Copywriter, technical writer, translator (FR>EN, ES>EN, IT>EN), journalist

Designing business processes

Do you regularly repeat certain lengthy processes in your business? For instance, do you take the same steps to deliver a certain service to a customer? If you do, you probably know what steps to take when. You might, however, forget a step or two when the process stretches out over days and weeks.

To plan my project work, I create tasks and appointments in my calendar. I often found myself creating the same sets of tasks for specific types of projects. That made me wonder how I could set them up as templates so I could “apply” them to projects quickly without having to recreate them for each project. Besides reducing time needed for administrative and planning work, doing this gives me the chance to regularly review my processes so I can refine them.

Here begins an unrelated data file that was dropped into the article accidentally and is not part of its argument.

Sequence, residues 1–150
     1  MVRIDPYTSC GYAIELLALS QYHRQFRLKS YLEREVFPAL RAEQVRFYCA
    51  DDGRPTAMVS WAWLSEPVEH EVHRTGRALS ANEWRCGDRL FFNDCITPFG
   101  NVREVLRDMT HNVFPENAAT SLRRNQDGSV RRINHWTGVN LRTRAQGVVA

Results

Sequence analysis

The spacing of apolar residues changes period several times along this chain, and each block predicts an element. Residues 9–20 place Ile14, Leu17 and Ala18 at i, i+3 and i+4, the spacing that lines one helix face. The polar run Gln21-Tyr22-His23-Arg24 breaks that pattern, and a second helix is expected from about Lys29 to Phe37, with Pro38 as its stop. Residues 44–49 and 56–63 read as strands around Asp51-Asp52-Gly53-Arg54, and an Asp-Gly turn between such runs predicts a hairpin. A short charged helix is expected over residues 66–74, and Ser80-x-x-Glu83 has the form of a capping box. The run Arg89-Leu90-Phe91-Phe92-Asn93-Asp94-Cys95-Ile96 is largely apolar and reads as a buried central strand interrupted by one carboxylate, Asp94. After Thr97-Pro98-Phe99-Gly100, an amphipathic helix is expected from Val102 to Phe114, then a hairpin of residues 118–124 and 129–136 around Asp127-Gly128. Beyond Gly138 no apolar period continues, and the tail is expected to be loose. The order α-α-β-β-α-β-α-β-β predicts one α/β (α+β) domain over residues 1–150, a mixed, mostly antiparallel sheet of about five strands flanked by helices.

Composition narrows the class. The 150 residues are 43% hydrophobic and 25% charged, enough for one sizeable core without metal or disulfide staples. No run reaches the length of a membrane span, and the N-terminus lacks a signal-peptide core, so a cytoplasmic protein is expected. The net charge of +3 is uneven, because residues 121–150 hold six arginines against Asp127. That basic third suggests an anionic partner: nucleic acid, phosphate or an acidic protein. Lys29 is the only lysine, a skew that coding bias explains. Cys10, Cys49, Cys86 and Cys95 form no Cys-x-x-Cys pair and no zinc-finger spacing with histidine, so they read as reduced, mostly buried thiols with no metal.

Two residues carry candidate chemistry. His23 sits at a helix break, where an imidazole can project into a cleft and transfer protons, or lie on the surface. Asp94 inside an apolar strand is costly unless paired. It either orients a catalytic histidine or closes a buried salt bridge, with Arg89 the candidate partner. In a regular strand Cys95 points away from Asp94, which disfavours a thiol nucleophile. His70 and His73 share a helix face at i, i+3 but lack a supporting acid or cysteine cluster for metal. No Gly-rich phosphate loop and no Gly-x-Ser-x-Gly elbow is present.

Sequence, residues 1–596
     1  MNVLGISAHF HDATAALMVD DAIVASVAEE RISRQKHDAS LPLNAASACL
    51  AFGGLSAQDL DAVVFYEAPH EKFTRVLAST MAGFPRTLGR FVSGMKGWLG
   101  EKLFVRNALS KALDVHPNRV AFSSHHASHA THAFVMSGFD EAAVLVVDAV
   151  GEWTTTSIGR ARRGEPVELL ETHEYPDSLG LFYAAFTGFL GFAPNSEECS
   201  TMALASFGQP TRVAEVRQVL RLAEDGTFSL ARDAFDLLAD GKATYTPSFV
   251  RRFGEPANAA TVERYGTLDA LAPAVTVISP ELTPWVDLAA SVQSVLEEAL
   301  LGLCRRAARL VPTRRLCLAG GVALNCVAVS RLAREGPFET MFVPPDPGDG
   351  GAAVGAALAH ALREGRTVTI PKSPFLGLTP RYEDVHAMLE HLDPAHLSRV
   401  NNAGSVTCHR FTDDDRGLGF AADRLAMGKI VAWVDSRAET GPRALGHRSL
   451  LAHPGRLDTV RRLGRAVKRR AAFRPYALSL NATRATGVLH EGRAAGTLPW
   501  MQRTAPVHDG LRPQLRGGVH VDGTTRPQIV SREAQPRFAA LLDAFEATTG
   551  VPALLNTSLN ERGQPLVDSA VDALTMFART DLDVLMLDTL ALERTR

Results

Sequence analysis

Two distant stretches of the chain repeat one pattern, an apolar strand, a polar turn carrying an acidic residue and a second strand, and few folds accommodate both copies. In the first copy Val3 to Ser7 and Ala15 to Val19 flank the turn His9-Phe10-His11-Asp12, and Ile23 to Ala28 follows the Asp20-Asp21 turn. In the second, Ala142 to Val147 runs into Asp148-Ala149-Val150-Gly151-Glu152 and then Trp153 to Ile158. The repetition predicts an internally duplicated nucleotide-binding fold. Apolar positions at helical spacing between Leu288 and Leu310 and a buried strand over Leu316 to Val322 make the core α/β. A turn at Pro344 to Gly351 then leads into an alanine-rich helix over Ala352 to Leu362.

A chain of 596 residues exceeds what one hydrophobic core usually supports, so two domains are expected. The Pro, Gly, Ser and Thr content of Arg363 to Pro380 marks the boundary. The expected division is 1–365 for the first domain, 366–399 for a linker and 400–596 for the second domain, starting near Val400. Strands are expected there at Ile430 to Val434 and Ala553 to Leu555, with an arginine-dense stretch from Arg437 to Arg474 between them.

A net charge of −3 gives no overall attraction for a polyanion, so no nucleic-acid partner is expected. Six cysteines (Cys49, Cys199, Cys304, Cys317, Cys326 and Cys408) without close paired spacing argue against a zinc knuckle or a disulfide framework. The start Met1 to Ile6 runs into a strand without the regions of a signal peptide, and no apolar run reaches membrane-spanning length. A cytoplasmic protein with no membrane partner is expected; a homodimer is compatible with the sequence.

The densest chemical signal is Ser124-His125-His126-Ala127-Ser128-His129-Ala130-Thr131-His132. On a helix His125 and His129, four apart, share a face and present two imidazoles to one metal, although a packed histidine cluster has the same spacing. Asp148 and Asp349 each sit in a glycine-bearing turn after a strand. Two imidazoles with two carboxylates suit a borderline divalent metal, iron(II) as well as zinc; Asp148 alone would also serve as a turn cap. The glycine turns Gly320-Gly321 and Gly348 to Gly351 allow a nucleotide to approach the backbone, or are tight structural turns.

Thankfully, I’ve been applying templates for several years, though it took me a while to get here.

What I use for project management

I use Daylite, a Mac-only application for customer relationship management and project management. Daylite comes from Toronto-area developer Marketcircle.

What I tried to use, and why

Before I switched to Daylite, I used Microsoft Entourage‘s Project Centre. If the Entourage database didn’t get corrupted so easily, I’d still be using it and would not have had to look for another solution (which ended up being Daylite).

Microsoft Entourage is what Microsoft Outlook should be:

  • software with all the features people actually need
  • hooks up to Microsoft Exchange
  • none of the features nobody uses (“recall email” anybody?)

I used Project Centre to build “dashboards” for each project I did. Those dashboards were focused views for each individual project. They contained:

  • an email folder
  • a task list
  • a contact list
  • calendar appointments
  • a view of a project file folder

Microsoft Entourage is now gone, replaced by Microsoft Outlook for Mac. Even though I probably won’t leave Daylite, I still hope Microsoft brings Project Center to Outlook. The Entourage design would make Outlook easier and more robust for everybody who uses it.

Introduction to activity sets

I also won’t go back to Project Center as it was because Daylite is much more capable than Entourage ever was. For starters, the Daylite database has not gone corrupt in the six years I’ve been using Daylite.